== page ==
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TR96-025 | 22nd March 1996 00:00
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#### The Computational Power of Spiking Neurons Depends on the Shape of the Postsynaptic Potentials

**Abstract:**
Recently one has started to investigate the

computational power of spiking neurons (also called ``integrate and

fire neurons''). These are neuron models that are substantially

more realistic from the biological point of view than the

ones which are traditionally employed in artificial neural nets.

It has turned out that the computational power of networks of

spiking neurons is quite large.

In particular they have the ability to communicate and manipulate

analog variables in spatio-temporal coding, i.e.~encoded in the

time points when specific neurons ``fire'' (and thus send a ``spike''

to other neurons).

These preceding results have motivated the question which details of the

firing mechanism of spiking neurons are essential for their computational

power, and which details are ``accidental'' aspects of their realization in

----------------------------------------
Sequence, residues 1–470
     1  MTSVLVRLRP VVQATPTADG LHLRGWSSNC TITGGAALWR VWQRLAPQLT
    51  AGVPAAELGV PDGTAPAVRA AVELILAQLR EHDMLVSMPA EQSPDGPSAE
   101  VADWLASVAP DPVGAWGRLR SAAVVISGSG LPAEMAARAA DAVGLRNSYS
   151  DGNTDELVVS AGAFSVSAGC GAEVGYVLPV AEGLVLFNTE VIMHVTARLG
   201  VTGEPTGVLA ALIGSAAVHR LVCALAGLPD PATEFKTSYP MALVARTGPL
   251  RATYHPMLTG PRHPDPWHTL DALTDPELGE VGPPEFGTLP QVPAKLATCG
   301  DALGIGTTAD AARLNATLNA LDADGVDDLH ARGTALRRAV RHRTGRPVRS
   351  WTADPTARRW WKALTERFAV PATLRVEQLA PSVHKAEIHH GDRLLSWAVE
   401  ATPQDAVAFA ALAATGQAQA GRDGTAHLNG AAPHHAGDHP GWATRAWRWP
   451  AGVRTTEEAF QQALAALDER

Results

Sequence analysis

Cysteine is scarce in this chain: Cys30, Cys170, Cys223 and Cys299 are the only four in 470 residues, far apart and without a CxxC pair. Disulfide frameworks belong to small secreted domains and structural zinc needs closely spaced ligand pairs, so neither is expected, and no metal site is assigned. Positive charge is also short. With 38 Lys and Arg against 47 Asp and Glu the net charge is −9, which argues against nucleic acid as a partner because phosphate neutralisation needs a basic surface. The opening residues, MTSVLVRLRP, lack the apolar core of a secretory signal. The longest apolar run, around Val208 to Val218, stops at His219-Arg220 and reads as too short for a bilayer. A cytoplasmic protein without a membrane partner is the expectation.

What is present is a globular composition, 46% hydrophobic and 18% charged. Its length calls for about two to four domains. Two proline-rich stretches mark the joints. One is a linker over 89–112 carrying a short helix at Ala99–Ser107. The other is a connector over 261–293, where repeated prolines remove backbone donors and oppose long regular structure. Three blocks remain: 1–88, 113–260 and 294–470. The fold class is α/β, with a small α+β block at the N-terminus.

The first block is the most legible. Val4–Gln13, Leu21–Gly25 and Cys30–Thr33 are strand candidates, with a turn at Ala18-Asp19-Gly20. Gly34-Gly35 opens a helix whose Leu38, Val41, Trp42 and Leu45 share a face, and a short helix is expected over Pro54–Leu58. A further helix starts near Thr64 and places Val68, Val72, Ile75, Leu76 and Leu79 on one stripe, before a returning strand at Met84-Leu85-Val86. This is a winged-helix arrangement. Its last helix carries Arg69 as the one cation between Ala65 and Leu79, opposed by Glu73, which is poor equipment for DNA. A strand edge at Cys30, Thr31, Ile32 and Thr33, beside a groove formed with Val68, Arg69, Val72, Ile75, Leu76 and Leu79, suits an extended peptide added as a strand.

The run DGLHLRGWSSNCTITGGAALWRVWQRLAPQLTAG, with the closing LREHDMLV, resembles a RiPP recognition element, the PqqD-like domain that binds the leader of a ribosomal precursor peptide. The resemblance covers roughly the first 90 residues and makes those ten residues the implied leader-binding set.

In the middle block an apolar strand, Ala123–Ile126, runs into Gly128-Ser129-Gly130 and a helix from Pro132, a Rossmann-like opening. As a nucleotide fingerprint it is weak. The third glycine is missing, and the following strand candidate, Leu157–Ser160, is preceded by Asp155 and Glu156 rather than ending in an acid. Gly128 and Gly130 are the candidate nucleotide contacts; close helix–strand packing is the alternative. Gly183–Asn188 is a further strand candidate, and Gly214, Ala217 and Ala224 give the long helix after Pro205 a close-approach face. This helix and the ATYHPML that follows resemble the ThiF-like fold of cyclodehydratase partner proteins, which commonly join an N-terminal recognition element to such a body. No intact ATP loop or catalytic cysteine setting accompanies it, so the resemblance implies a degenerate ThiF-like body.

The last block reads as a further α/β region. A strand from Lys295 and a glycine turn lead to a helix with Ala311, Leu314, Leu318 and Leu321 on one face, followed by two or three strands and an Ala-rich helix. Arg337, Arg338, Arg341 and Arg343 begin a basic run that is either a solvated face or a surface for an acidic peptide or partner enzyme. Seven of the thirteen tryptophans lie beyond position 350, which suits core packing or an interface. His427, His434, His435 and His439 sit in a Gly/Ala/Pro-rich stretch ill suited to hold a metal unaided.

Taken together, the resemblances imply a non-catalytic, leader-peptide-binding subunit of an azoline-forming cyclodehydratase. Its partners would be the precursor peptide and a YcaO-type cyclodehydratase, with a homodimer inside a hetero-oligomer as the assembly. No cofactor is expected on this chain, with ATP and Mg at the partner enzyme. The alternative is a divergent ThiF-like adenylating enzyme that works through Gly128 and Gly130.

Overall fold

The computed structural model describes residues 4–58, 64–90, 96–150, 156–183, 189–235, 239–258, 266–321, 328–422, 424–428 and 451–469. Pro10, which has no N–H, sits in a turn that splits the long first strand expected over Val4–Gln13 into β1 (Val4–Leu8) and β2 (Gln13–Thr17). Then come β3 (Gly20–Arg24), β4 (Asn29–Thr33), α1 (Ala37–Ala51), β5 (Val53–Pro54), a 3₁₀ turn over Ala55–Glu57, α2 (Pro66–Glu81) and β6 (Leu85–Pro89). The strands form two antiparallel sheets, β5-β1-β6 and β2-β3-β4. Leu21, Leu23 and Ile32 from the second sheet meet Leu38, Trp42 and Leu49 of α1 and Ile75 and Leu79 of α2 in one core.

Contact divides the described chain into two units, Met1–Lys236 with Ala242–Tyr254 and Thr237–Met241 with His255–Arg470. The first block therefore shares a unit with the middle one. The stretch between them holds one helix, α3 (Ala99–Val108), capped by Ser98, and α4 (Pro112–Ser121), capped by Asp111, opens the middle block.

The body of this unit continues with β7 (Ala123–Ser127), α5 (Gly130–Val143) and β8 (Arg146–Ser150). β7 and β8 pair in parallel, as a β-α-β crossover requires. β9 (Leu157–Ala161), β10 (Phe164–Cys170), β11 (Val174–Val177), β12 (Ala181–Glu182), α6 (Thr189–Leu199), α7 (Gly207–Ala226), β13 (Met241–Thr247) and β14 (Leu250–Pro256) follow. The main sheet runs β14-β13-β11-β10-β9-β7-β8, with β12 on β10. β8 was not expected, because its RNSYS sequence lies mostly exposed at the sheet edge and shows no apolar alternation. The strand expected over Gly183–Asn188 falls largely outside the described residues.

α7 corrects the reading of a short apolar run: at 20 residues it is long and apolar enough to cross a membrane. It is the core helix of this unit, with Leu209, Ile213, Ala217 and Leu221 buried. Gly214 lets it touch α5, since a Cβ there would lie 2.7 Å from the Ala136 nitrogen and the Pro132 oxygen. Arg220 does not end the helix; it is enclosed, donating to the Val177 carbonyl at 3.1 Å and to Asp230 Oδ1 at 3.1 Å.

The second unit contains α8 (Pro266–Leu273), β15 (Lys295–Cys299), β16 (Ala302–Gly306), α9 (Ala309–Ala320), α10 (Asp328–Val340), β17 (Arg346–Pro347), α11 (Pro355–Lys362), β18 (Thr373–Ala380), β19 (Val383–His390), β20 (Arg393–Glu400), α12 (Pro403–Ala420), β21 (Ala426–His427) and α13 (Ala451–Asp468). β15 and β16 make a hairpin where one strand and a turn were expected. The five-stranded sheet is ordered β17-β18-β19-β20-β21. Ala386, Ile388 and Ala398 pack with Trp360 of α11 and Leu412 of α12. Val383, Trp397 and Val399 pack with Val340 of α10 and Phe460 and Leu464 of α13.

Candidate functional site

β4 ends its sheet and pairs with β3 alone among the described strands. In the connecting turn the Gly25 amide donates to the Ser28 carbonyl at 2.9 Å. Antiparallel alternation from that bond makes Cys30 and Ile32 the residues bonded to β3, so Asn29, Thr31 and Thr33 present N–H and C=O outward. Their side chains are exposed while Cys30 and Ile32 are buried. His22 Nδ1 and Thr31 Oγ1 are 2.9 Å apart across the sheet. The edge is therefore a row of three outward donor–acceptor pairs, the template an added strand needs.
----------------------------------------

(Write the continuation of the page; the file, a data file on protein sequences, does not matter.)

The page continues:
biological ``wetware''. Obviously this question becomes important if one

wants to capture some of the advantages of computing and learning with

spatio-temporal coding in a new generation of artificial neural nets, such

as for example pulse stream VLSI.

The firing mechanism of spiking neurons is defined in terms of their

postsynaptic potentials or ``response functions'', which describe the

change in their electric membrane potential as a result of the firing of

another neuron. We consider in this article the case where the response

functions of spiking neurons are assumed to be of the mathematically most

elementary type: they are assumed to be step-functions (i.e. piecewise

constant functions). This happens to be the functional form which has so

far been adapted most frequently in pulse stream VLSI as the form of

potential changes (``pulses'') that mimic the role of postsynaptic

potentials in biological neural systems. We prove the rather surprising

result that in models without noise the computational power of networks of

spiking neurons with arbitrary piecewise constant response functions is

strictly weaker than that of networks where the response functions of

neurons also contain short segments where they increase respectively

decrease in a linear fashion (which is in fact biologically more

realistic). More precisely we show for example that an addition of analog

numbers is impossible for a network of spiking neurons with piecewise

constant response functions (with any bounded number of computation steps,

i.e. spikes), whereas addition of analog numbers is easy if the response

functions have linearly increasing segments.